The global pandemic has created a very uncertain future for San Diego County's industrial market, although it didn't look so bad until the middle of March, according to a Colliers International first quarter report.
The countywide vacancy rate remained relatively flat in the first quarter at 5.3 percent as demand was met by 193,739 square feet of net absorption along with 372,782 square feet of new construction, Colliers reported.
San Diego County's direct vacancy rate made up 4.9 percent of the inventory, while sublease vacancy stood at 0.4 percent. The vacancy rate of pure industrial inventory increased by 5 basis points to 4.1 percent while R&D inventory increased by 14 basis points to 8.5 percent, according to the report.
Colliers said the increase in vacancy was due to new construction outpacing positive net absorption during the quarter. Twelve out of the 21 submarkets posted a vacancy rate of less than 5 percent in the first quarter, and only Sorrento Mesa (11.6 percent) and Carlsbad (10.9 percent) posted double-digit rates.
How the strength of the industrial market might change will likely depend on the length of the coronavirus outbreak. Depending on what's needed, some companies will actually benefit from the demands for given products and services.
Industrial construction activity continued to be robust with 1.39 million square feet currently under development despite the pandemic -- most of which is expected to be completed by year's end.
Approximately 1.78 million square feet of industrial space was under construction as of March 31 last year.
Torrey Pines, which is always in high demand for either life science, office or industrial space, posted the greatest net absorption of 175,108 square feet. Some of the submarket's absorption was a result of UC San Diego's occupancy of more than 70,000 square feet at the newly completed Center for Novel Therapeutics.
The Campus Point/Eastgate region was the second most active market with 69,179 square feet of positive net absorption, according to Colliers. JB Biodine occupied 29,548 square feet at 9381 Judicial Drive, while Poseida Therapeutics expanded into the remaining 15,146 square feet at 9390 Towne Centre Drive, thereby occupying the entire 72,921-square-foot building.
Other sizable tenant move-ins during the first quarter included United Technologies (60,184 square feet in Carlsbad), Dynamex/TF Final Mile (45,183 square feet in Chula Vista), and TEC Equipment (40,975 square feet in Otay Mesa).
Construction on three buildings, totaling 372,782 square feet, was completed in the first quarter. They included the 98,282-square-foot Alexandria GradLabs developed by Alexandria Real Estate Equities in Campus Point; Murphy Development's 137,000-square-foot building at The Campus at San Diego Business Park in Otay Mesa; and BioMed Realty Trust's 137,500-square-foot Center for Novel Therapeutics in Torrey Pines.
Colliers found that up until mid-March, new ground-up construction had been subject to high demand from companies that had tired of residing in aging space.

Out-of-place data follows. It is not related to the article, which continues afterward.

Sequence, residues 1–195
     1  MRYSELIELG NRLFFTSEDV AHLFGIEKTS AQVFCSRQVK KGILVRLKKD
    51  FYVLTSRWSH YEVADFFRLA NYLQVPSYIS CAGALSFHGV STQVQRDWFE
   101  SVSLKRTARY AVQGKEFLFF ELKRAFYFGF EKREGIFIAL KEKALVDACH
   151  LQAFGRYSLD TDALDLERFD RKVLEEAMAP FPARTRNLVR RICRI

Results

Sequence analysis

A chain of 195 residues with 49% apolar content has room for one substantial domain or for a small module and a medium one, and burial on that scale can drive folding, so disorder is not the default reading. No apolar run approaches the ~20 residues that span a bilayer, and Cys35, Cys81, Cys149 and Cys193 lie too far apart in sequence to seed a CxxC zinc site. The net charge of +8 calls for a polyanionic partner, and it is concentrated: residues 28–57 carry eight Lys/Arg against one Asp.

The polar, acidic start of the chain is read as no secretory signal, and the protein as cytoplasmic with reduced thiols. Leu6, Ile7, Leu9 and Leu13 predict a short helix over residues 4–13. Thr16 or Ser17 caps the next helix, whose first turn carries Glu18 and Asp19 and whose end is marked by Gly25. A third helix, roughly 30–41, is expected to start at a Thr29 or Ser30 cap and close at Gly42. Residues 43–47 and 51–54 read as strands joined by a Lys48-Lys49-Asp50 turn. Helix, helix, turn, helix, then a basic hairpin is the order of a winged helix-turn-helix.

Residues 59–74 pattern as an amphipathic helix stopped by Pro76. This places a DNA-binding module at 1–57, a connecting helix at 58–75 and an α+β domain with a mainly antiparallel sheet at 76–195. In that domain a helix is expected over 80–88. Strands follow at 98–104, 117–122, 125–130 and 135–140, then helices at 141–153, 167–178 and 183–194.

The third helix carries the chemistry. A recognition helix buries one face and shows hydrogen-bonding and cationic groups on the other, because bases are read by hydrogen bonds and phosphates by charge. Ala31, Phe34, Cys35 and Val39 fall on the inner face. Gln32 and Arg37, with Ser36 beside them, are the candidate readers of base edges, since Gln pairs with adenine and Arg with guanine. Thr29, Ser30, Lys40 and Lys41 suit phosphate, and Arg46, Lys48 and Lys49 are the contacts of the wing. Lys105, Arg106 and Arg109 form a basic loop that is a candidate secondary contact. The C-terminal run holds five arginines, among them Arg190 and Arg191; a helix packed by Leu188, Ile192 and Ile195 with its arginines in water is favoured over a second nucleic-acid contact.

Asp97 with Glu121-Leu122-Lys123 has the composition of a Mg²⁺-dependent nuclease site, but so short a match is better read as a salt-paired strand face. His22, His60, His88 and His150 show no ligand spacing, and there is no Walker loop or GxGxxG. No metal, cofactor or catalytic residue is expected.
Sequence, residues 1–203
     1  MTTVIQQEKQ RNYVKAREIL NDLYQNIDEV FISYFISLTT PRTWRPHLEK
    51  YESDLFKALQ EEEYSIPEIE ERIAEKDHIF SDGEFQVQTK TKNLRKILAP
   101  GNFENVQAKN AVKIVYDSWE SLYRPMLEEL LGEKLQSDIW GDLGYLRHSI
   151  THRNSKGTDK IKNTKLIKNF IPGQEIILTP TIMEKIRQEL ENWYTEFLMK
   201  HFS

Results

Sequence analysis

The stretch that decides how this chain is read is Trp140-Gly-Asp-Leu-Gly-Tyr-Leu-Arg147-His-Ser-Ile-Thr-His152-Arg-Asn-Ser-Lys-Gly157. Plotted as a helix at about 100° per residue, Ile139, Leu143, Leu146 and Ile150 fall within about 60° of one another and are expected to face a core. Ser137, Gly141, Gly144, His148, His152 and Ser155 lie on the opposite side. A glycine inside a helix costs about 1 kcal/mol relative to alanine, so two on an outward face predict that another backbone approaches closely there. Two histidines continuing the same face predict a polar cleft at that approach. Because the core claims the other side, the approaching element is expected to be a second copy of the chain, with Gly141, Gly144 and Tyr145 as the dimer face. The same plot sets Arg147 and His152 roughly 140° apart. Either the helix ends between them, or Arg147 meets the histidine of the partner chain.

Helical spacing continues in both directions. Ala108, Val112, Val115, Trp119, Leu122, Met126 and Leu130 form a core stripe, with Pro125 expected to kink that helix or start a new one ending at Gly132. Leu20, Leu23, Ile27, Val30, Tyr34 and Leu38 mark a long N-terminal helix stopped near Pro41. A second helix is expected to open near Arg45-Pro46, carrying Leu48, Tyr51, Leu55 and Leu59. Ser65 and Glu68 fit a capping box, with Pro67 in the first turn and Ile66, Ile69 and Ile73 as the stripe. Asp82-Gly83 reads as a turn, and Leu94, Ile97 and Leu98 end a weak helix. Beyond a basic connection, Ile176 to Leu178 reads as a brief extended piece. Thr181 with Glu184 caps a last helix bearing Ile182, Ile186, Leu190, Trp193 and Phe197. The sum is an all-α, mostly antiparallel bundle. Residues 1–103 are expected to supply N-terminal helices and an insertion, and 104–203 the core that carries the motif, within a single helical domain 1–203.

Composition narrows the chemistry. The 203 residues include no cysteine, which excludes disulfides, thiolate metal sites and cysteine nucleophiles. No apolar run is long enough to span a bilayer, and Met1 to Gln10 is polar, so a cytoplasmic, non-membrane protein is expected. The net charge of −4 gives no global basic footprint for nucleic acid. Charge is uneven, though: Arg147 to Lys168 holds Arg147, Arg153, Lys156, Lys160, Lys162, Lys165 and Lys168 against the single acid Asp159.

"In fact, even though 8.0 million square feet was completed over the last decade, net absorption outpaced new construction by 1.5 times," Colliers stated. "Nevertheless, the current novel coronavirus (COVID-19) pandemic will likely delay the start of new projects that are proposed throughout the county until there is a better understanding of what industrial demand will be until the pandemic subsides. Most of the 1.4 million square feet currently under construction is expected to be completed this year, but any new development after that is far from certain."
"As we publish this report, the U.S. and the world at large are facing a tremendous challenge, the scale of which is unprecedented in recent history. The spread of the novel coronavirus (COVID-19) is significantly altering day-to-day life, impacting society, the economy and, by extension, commercial real estate," Colliers continued. "The extent, length and severity of this pandemic is unknown and continues to evolve at a rapid pace. The scale of the impact and its timing varies between locations."
Once the pandemic subsides, Colliers said San Diego's defense industry will likely return to normal and the life science industry may accelerate growth. Local manufacturing could also see some growth as some businesses consider relocating some international operations in San Diego.
Not all will be rosy. Colliers emphasized that smaller multi-tenant firms and incubator companies could still face difficulties even as the markets improve.
"This is a period of uncertainty the likes of which have never been seen before and it will be at least several quarters until we have a hold on whether the industrial market we still be as strong -- or potentially stronger -- as it had been trending over the past eight years," Colliers stated.
The top leases in the first quarter included Ernest Packaging Solutions' 108,758-square-foot lease renewal at 1345 Sycamore Avenue in Vista; Sekisui Diagnostics' 52,959-square-foot new lease at 6740-6760 Cobra Way in Sorrento Mesa; and T-Force Logistics' 45,183-square-foot lease at 1690 Brandywine Avenue in Chula Vista.
The top industrial sale of the first quarter was Westcore Properties' $26.4 million acquisition of a 197,104-square-foot industrial building at 2620 Commerce Way in Vista. EverWest Real Estate Investors was the seller.
By Thor Kamban Biberman